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Kaempferol Treatment after Traumatic Brain Injury during Early Development Mitigates Brain Parenchymal Microstructure and Neural Functional Connectivity Deterioration at Adolescence.

  • Author(s): Parent, Maxime
  • Chitturi, Jyothsna
  • Santhakumar, Vijayalakshmi
  • Hyder, Fahmeed
  • Sanganahalli, Basavaraju G
  • Kannurpatti, Sridhar S
  • et al.
Abstract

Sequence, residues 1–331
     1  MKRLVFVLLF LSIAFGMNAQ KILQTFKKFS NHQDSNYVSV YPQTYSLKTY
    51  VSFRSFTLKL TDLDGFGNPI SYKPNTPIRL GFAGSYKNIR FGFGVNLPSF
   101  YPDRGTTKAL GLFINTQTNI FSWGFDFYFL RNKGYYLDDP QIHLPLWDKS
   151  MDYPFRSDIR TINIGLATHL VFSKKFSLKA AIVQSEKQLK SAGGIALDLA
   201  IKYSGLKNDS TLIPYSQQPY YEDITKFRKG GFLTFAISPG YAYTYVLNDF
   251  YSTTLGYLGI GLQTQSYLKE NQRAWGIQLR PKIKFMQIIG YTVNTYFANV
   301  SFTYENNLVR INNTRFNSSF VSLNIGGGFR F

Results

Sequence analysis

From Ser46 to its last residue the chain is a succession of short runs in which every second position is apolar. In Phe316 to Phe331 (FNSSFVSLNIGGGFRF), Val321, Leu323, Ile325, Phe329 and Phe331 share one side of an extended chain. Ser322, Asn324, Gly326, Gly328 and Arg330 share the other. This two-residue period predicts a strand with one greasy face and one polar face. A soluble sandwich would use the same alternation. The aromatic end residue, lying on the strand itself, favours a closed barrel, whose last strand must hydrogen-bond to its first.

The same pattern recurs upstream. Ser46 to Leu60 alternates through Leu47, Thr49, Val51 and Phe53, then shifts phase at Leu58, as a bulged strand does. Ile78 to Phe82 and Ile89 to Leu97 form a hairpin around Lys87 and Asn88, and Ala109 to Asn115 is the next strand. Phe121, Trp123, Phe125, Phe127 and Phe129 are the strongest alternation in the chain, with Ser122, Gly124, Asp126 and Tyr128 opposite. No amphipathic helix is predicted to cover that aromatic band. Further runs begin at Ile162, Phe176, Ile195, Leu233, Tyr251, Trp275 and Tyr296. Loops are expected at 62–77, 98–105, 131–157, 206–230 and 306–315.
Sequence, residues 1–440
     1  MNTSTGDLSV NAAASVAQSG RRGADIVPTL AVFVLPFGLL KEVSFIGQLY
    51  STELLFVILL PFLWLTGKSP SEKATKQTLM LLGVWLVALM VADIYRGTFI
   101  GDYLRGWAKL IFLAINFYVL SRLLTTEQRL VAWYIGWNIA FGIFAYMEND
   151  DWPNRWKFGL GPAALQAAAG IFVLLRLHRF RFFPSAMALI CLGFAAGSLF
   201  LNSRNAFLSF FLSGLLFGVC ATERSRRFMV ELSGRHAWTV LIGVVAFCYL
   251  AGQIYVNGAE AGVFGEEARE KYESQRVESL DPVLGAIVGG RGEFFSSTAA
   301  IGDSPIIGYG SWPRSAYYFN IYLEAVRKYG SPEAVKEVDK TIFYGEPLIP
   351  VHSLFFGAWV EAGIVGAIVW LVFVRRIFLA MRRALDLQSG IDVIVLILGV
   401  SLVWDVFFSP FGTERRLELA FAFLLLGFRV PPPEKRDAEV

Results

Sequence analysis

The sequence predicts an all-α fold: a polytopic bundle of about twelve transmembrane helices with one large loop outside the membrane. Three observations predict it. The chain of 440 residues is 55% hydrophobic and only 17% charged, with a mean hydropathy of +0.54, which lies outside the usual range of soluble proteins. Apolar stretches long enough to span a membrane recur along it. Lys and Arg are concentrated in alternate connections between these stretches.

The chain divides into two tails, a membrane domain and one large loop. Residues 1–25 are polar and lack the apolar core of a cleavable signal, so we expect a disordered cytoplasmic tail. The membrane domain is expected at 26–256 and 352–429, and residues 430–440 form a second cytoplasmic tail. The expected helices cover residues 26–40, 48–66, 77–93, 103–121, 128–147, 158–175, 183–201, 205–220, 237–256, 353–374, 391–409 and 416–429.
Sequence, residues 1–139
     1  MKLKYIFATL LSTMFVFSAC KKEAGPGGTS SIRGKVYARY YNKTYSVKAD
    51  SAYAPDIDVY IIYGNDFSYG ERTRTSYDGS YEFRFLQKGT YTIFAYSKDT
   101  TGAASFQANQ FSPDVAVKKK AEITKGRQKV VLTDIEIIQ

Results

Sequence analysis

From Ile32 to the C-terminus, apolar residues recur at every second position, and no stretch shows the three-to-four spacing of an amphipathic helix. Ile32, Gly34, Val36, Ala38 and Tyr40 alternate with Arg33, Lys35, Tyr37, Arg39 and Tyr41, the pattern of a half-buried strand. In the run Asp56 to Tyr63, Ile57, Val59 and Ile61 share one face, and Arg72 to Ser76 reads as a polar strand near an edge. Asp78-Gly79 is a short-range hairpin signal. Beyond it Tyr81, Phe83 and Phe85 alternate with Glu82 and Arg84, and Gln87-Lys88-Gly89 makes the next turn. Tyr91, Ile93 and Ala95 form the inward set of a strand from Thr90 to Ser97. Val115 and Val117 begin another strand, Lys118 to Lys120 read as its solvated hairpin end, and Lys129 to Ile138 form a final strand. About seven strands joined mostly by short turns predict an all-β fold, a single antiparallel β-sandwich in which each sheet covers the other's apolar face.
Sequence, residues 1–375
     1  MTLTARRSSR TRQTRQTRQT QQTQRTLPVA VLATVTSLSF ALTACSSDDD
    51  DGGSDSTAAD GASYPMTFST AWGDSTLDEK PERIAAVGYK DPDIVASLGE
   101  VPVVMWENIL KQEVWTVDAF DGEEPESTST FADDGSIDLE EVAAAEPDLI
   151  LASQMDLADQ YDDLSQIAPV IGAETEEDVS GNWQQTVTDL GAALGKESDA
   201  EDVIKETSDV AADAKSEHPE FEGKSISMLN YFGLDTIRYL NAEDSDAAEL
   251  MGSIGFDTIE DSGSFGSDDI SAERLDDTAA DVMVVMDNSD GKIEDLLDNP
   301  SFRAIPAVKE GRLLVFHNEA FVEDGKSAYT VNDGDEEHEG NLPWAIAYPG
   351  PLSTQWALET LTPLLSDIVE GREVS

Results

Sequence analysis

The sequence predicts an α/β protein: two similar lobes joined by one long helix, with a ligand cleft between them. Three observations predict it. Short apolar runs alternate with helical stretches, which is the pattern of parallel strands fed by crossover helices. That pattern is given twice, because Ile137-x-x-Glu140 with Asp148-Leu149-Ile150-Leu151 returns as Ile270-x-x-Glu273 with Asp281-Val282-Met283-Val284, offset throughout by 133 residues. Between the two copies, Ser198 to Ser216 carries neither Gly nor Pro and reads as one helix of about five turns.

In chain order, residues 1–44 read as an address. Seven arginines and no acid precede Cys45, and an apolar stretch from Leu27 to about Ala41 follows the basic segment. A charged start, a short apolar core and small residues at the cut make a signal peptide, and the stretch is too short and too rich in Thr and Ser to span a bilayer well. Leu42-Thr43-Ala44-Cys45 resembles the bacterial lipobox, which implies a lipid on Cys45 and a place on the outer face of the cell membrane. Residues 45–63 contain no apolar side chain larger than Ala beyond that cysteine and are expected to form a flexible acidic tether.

Targeting mitochondrial ion homeostasis using Kaempferol, a mitochondrial Ca2+ uniporter channel activator, improves energy metabolism and behavior soon after a traumatic brain injury (TBI) in developing rats. Because of broad TBI pathophysiology and brain mitochondrial heterogeneity, Kaempferol-mediated early-stage behavioral and brain metabolic benefits may accrue from diverse sources within the brain. We hypothesized that Kaempferol influences TBI outcome by differentially impacting the neural, vascular, and synaptic/axonal compartments. After TBI at early development (P31), functional magnetic resonance imaging and diffusion tensor imaging (DTI) were applied to determine imaging outcomes at adolescence (2 months post-injury). Vehicle and Kaempferol treatments were made at 1, 24, and 48 h post-TBI, and their effects were assessed at adolescence. A significant increase in neural connectivity was observed after Kaempferol treatment as assessed by the spatial extent and strength of the somatosensory cortical and hippocampal resting-state functional connectivity (RSFC) networks. However, no significant RSFC changes were observed in the thalamus. DTI measures of fractional anisotropy (FA) and apparent diffusion coefficient, representing synaptic/axonal and microstructural integrity, showed significant improvements after Kaempferol treatment, with highest changes in the frontal and parietal cortices and hippocampus. Kaempferol treatment also increased corpus callosal FA, indicating measurable improvement in the interhemispheric structural connectivity. TBI prognosis was significantly altered at adolescence by early Kaempferol treatment, with improved neural connectivity, neurovascular coupling, and parenchymal microstructure in select brain regions. However, Kaempferol failed to improve vasomotive function across the whole brain, as measured by cerebrovascular reactivity. The differential effects of Kaempferol treatment on various brain functional compartments support diverse cellular-level mitochondrial functional outcomes in vivo.

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